This week Better Reading’s Cheryl Akle was invited on Channel 9’s the Morning Talk to talk about the controversy surrounding the release of legendary author Harper Lee’s ‘second’ novel, Go Set A Watchman. Why all the controversy around the novel from the iconic the To Kill A Mockingbird author’s novel? Find out more here.
Go Set a Watchman is set during the mid-1950s and features many of the characters from To Kill A Mockingbird some twenty years later.Scout (Jean Louise Finch) has returned to Maycomb from New York to visit her father Atticus. She is forced to grapple with issues both personal and political as she tries to understand both her father's attitude toward society, and her own feelings about the place where she was born and spent her childhood.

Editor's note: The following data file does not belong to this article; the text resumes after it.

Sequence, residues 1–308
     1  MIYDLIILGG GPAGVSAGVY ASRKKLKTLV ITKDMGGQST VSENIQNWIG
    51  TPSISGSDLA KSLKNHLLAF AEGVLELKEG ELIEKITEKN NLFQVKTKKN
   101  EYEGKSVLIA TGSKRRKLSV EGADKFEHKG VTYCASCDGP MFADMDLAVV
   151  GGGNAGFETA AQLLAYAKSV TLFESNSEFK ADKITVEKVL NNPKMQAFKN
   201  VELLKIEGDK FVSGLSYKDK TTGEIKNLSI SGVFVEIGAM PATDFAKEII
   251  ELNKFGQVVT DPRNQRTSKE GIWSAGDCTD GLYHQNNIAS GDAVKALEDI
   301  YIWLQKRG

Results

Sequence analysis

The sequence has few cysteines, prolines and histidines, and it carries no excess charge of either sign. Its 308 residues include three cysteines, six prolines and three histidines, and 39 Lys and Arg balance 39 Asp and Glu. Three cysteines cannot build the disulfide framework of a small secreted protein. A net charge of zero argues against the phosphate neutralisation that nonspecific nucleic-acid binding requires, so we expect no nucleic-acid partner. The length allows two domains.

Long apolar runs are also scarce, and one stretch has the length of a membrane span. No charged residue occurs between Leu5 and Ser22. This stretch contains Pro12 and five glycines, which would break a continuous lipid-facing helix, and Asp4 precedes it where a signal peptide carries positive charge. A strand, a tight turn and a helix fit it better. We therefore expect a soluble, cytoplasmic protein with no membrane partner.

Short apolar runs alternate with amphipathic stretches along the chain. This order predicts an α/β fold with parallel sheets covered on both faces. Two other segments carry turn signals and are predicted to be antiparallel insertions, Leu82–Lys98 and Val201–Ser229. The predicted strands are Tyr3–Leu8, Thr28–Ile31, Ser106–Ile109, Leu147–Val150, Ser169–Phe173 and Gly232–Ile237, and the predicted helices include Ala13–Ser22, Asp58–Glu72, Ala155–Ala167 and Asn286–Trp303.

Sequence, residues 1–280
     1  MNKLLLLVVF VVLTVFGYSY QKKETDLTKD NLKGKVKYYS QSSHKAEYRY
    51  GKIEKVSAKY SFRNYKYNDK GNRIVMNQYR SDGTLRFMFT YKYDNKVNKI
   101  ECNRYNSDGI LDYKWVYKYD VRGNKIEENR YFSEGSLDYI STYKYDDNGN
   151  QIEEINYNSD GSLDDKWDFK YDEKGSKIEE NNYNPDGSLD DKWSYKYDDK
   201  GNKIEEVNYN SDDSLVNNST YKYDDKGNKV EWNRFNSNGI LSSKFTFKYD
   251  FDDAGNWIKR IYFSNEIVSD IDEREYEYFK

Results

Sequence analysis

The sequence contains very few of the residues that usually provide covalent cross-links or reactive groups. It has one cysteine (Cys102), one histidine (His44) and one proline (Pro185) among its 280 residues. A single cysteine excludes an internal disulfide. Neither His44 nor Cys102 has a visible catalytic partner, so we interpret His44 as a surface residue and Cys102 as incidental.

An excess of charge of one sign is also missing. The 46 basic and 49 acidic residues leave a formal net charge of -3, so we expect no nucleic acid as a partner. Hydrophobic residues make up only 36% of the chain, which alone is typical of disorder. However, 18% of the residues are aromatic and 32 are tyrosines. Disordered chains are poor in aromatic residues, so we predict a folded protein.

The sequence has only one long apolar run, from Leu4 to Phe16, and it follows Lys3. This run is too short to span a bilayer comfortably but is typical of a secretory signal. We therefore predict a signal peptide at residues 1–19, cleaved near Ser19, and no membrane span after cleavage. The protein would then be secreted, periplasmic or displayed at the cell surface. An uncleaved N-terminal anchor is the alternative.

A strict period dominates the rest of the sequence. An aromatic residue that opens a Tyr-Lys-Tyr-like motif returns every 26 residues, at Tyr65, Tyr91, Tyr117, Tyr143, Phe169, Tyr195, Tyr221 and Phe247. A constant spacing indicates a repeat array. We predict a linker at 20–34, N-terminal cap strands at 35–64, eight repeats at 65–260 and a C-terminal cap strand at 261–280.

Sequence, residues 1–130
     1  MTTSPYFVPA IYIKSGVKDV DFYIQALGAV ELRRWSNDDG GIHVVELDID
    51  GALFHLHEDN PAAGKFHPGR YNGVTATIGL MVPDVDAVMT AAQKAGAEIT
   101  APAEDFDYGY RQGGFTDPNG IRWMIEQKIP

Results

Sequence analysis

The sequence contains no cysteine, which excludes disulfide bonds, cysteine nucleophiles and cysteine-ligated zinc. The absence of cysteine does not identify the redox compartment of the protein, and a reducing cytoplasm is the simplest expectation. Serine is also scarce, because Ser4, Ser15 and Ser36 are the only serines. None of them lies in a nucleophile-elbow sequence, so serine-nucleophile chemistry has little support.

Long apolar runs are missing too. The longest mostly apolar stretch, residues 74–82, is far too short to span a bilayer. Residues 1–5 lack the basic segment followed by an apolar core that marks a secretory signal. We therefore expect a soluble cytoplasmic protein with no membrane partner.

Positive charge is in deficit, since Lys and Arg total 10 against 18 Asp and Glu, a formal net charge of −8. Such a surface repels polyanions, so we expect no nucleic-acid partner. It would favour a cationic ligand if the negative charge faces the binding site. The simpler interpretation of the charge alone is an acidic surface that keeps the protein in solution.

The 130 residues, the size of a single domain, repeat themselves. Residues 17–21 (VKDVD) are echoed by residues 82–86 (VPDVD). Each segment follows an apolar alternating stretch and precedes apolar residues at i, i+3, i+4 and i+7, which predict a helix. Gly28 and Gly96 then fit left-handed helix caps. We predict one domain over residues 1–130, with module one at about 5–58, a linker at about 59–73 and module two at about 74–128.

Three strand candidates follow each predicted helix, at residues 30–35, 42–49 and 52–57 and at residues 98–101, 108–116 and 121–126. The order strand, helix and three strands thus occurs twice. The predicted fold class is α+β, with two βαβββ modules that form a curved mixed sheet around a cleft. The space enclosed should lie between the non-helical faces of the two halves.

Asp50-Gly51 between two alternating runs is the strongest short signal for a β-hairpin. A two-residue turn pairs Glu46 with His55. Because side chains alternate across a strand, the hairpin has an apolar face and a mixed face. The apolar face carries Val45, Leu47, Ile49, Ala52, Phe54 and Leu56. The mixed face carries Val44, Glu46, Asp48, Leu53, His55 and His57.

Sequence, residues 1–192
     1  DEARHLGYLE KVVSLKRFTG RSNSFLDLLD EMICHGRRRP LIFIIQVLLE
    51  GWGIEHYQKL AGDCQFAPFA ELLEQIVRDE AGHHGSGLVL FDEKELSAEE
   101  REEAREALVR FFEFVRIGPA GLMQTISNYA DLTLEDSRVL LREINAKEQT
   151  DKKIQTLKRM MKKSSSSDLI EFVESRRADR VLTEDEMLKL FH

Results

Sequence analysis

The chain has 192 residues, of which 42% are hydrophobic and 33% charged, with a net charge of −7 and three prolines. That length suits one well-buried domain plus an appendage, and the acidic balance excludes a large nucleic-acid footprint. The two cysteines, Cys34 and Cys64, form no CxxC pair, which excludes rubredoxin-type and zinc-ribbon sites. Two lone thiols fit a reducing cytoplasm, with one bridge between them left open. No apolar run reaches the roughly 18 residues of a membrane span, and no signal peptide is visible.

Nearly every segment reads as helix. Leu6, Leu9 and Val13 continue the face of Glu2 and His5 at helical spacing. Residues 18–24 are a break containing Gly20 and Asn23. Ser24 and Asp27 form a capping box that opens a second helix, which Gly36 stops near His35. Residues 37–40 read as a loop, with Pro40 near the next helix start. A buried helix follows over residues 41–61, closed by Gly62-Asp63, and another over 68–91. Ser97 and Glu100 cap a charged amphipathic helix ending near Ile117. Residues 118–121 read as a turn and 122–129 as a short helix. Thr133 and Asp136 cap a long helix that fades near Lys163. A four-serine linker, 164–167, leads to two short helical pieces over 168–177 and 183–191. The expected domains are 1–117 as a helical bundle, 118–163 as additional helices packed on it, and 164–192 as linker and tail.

'Shoot all the bluejays you want, if you can hit 'em, but remember it's a sin to kill a mockingbird.' A lawyer's advice to his children as he defends the real mockingbird of Harper Lee's classic novel - a black man charged with the rape of a white girl. Through the young eyes of Scout and Jem Finch, Harper Lee explores with exuberant humour the irrationality of adult attitudes to race and class in the Deep South of the thirties.The conscience of a town steeped in prejudice, violence and hypocrisy is pricked by the stamina of one man's struggle for justice. But the weight of history will only tolerate so much.To Kill A Mockingbird is a coming-of-age story, an anti-racist novel, a historical drama of the Great Depression and a sublime example of the Southern writing tradition.Winner of the 1961 Pulitzer Prize for Fiction."No one ever forgets this book" Independent"Someone rare has written this very fine novel, a writer with the liveliest sense of life and the warmest, most authentic humour. A touching book; and so funny, so likeable" Truman Capote"There is humour as well as tragedy in this book, besides its faint note of hope for human nature; and it is delightfully written" Sunday Times#4 in ABC My Favourite Book #1 in Australia's Top 100